The scenario presumes, contrary to facts, that 7/8 of the Assembly of States Parties agreed to a definition of “aggression,” that the preclusion on prosecution of the crime of aggression for 7 years after entry into force of the Rome Statute is inoperative, and that prosecution of an individual for the crime of aggression does not require a prior determination of the Security Council that his state of nationality, on behalf of which he is alleged to have undertaken acts constituting the elements of the crime, has engaged in aggression. See supra note 101 (discussing legal issues concerning the definition of and preconditions to the prosecution of the crime of aggression). The following definition is employed for purposes of this scenario: 1. For purposes of this Statute, the crime of aggression is committed by a person who is in a position of exercising control or capable of directing . . . political actions in his State, against another State, in contravention of the Charter of the United Nations, by resorting to armed force, to threaten or violate the sovereignty, territorial integrity or political independence of that State. 2. Acts constituting aggression include the following: (a) the invasion or attack by the armed forces of a State of the territory of another State, any military occupation, however temporary, resulting from such invasion or attack . . . (b) bombardment by the armed forces of a State against the territory of another State; (or) . . . (g) the sending by or on behalf of a State of armed bands, groups, irregulars or mercenaries, which carry out acts of armed force against another State . . . . David, supra note 40, at 389-90, 411 (offering prospective definition of aggression).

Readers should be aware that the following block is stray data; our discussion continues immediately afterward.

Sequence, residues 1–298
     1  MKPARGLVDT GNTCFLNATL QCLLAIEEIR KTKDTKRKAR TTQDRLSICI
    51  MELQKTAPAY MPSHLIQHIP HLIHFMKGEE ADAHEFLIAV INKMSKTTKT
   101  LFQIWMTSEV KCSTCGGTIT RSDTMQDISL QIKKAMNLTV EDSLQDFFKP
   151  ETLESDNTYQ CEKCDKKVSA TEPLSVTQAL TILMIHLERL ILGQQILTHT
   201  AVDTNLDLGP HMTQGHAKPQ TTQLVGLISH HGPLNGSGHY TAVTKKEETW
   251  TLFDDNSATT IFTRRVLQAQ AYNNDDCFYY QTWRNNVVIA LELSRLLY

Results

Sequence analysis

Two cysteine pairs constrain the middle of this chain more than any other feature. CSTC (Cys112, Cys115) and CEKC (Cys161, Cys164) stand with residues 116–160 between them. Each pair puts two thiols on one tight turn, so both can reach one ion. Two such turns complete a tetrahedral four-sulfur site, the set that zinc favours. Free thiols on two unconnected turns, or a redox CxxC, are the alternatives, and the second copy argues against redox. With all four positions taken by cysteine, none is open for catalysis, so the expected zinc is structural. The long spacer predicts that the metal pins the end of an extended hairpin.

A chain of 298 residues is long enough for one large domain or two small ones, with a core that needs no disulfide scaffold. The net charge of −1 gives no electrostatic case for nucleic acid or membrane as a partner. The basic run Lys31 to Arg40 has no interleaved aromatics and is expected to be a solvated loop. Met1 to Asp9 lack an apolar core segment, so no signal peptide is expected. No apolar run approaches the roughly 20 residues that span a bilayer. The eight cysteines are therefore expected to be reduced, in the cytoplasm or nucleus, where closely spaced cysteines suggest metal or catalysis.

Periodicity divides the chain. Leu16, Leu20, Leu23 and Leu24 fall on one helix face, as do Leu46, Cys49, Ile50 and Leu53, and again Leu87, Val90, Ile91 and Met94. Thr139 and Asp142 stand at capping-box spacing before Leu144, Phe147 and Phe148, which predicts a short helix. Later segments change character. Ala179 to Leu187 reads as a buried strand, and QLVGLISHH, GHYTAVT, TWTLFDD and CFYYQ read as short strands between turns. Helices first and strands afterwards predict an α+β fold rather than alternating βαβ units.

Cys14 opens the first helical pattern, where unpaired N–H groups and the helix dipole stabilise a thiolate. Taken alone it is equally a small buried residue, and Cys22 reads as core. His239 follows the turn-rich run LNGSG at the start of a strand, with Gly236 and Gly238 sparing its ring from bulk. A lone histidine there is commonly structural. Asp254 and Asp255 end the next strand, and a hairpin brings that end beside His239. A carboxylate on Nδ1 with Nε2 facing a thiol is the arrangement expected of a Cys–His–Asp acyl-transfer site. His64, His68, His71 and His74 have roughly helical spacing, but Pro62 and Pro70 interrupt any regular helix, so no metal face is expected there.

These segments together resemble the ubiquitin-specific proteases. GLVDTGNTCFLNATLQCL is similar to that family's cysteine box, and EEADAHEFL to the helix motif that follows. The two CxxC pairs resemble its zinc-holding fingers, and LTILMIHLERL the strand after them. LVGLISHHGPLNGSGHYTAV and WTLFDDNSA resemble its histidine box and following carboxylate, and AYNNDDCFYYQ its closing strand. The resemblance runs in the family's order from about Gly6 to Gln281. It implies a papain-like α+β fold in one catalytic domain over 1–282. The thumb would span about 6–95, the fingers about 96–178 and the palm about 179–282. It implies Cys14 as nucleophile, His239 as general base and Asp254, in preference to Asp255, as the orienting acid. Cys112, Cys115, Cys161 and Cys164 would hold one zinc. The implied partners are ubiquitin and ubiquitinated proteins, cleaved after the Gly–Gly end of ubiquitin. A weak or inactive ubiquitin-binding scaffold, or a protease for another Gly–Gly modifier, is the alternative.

561

See Rome Statute, supra note 32, art. 25(3)(b) (providing that a person shall be criminally responsible if he “(o)rders, solicits or induces the commission of . . . a crime which in fact occurs”).

562

See id. art. 27(1) (providing for the applicability of the Rome Statute “without any distinction based on official capacity . . . as a Head of State or Government, a member of Government . . . or a government official”).

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563

See id. art. 28. Article 28 establishes command responsibility liability by providing: military commander . . . shall be criminally responsible for crimes . . . committed by forces under his or her effective command and control . . . where: (a) (t)hat . . . person either knew or, owing to the circumstances at the time, should have known that the forces were committing or about to commit such crimes; and . . . (b) that . . . person failed to take all necessary and reasonable measures within his or her power to prevent or repress their commission or to submit the matter to competent authorities for investigation and prosecution. Id.